Harry was born 16 Sept 1897 in Lebanon, Pennsylvania. He was raised in Lebanon where he graduated from high school, and soon after he entered World War 1 in 1917. A large group of young men from Lebanon went overseas together. They were part of the Machine Gun Battalion in France.
Wounded in the war
In September 1918, Katie received word that Harry had been gassed and wounded. He reported in a letter to his mother that he was in three gas attacks and was gassed to a certain extent. He said, ‘My lungs are not as they should be since I was in the hospital before. I hope they do not find anything else the matter with me.’
He also told about being wounded. ‘I had a narrow escape the afternoon before I left the company. One of the German’s favorite shells (a 9-inch high explosive) landed about five feet to my left and the force of the explosion knocked me across the street…I was knocked out for about a half hour, but not wounded.’ He was reported as wounded to his mother, though, by the War Department.
Harry returns and gets on with life
Harry returned home in May of 1919 and found work as an iron worker like his father. I guess Harry didn’t care for iron work since he went to school for accounting. By 1927 he was married to Dorothy A. BOETTNER, living in Lancaster, Pennsylvania, and working as an accountant. He likely met Dorothy at the Pennsylvania Business College in Lancaster. Their only child, Gloria, was born in 1927.
Harry became a mail carrier in the mid 1930’s, a job he stayed in until retirement. Perhaps he was tired of working inside all the time. Or perhaps he tired of numbers all the time. Or perhaps the business he worked for went under during the Depression.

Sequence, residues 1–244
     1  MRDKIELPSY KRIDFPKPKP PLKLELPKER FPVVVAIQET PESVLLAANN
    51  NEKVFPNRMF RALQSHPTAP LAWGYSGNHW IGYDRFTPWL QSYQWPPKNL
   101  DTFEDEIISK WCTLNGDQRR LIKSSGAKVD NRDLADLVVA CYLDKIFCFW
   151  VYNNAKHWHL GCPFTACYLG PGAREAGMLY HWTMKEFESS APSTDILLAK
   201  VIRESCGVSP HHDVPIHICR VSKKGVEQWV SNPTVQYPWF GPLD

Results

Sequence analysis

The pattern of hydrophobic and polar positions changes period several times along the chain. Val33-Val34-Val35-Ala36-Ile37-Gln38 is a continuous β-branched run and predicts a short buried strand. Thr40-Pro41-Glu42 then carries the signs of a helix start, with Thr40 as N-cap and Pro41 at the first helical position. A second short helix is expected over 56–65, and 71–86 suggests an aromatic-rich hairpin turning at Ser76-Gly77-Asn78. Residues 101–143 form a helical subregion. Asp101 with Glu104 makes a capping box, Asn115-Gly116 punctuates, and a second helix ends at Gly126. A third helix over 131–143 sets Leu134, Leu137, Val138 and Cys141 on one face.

Dedicated to veterans
Harry’s time in the military influenced how he spent his non-working hours. As early as 1921, Harry was volunteering his time to honor veterans as part of a gun salute at a military funeral.
Once married, Harry and Dorothy were both active in veterans organizations in Lancaster – American Legion, VFW, Military Order of the Purple Hearts, Disabled Veterans, and more. Harry was a life member of the Military Order of the Purple Hearts and served as a national commander and state commander in that organization.
Still active in retirement
Harry and his family lived in several locations in Lancaster through the years, renting each time. But around 1950 they settled at 504 W. Chestnut Street in Lancaster. Here’s a link to the house: 504 W. Chestnut Street
Harry retired from work in 1964, but he didn’t retire from life. As he had done most of his adult life, he continued to support veterans in his state and community.
In 1984, Harry passed away at his residence after a lengthy illness. He was 86 years old.
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